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Shooting a Grey Card


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#1 Vivek Venkatraman

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Posted 18 May 2016 - 01:42 AM

Hello,

 

This is a bit of a complicated topic for me and I am not sure how to word this even but I will have a go.

 

How does one shoot a grey card and use this to calibrate ones light meter to the camera sensor [in digital]?


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#2 Mark Kenfield

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Posted 18 May 2016 - 02:55 AM

You need either a waveform or false colour monitoring for your camera.

Light the grey card evenly and take a meter reading at the camera's rated sensitivity. Then check your waveform to see if the grey card reads at the IRE value stated for middle grey in the particular gamma you're recording with.

If it reads true, then you're good to go.

If not? Then adjust your iris until the grey card reads at the appropriate IRE, the difference between the stop for the 'official' ISO of the camera and the actual rating required to expose middle grey correctly for the gamma you're using, is the amount of exposure compensation you need to apply to the 'official' ISO in order to have it properly calibrated to your meter.

Some current cameras on the market (I'm looking at you Sony) can be as much a full stop off from their official sensitivity rating.
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#3 John E Clark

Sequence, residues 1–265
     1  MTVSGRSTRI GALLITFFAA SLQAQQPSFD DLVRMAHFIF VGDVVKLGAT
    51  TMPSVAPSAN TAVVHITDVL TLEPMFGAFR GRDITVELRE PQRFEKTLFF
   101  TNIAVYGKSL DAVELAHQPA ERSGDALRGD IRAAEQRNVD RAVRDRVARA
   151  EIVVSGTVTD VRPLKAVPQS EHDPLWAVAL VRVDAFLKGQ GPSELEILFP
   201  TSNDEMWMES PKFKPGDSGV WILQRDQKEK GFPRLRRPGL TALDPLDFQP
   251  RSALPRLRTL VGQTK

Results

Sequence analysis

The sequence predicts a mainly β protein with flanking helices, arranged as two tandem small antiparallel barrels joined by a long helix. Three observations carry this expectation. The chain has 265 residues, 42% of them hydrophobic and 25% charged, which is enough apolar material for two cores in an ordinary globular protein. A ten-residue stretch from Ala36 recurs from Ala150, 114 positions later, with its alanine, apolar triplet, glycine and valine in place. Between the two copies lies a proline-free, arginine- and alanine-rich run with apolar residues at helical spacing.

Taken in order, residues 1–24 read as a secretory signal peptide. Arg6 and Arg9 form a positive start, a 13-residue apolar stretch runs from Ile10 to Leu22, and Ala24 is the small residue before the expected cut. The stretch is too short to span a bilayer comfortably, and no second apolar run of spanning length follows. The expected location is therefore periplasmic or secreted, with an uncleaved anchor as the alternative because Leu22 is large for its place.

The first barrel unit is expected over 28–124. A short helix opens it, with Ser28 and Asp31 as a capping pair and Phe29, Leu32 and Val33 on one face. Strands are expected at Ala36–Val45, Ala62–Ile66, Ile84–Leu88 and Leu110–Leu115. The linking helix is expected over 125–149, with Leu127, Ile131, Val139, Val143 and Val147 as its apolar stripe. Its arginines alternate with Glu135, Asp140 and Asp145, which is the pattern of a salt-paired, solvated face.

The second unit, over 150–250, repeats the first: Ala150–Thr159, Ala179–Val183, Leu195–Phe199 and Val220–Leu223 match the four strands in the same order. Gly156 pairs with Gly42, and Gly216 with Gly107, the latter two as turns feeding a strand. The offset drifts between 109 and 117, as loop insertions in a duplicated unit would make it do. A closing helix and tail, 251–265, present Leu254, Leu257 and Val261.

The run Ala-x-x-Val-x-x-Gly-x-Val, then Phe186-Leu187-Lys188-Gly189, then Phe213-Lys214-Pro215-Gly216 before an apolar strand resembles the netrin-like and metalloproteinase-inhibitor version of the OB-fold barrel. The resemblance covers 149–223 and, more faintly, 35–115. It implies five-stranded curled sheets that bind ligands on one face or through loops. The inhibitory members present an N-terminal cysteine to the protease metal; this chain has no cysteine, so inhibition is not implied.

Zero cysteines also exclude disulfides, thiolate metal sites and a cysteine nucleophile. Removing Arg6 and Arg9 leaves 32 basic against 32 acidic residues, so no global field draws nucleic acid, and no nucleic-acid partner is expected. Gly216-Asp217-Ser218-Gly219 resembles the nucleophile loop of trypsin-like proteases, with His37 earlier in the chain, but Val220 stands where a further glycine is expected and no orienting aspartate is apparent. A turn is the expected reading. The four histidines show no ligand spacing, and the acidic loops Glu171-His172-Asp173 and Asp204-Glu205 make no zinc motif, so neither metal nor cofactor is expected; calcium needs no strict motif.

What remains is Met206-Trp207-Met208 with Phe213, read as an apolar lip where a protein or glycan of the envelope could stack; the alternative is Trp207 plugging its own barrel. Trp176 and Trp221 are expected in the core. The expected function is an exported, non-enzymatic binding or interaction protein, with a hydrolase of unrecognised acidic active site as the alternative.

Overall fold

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Posted 18 May 2016 - 12:46 PM

On the topic of 'what value' as read from the Waveform display...

 

There are various values depending on whether one is dealing with say Rec 709 representation, vs the various 'log' formats of the camera being used.

 

For Rec. 709 I have seen the values of say 45-50%... and for log representation, say 30-40%. For my Blackmagic Pocket, 38.4%... is what has been stated as the design goal.

 

Most people can't read off better than +/- 2-3%... so it is not an absolutely precise value.

 

In any case one also needs a step wedge to show how 'low values' and 'high values' are represented and will indicate how many stops of 'dynamic range' one may have.

 

Exposure is a compromise, especially when shooting 'available light'. With additional lighting some conditions of the shot may be mitigated, such as fill light to lessen contrast, or accent various areas in the frame. But at some point there will be compromise.


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#4 Dylan Sunshine Saliba

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Posted 18 May 2016 - 01:10 PM

Exposure is a compromise, especially when shooting 'available light'. 

Well said!


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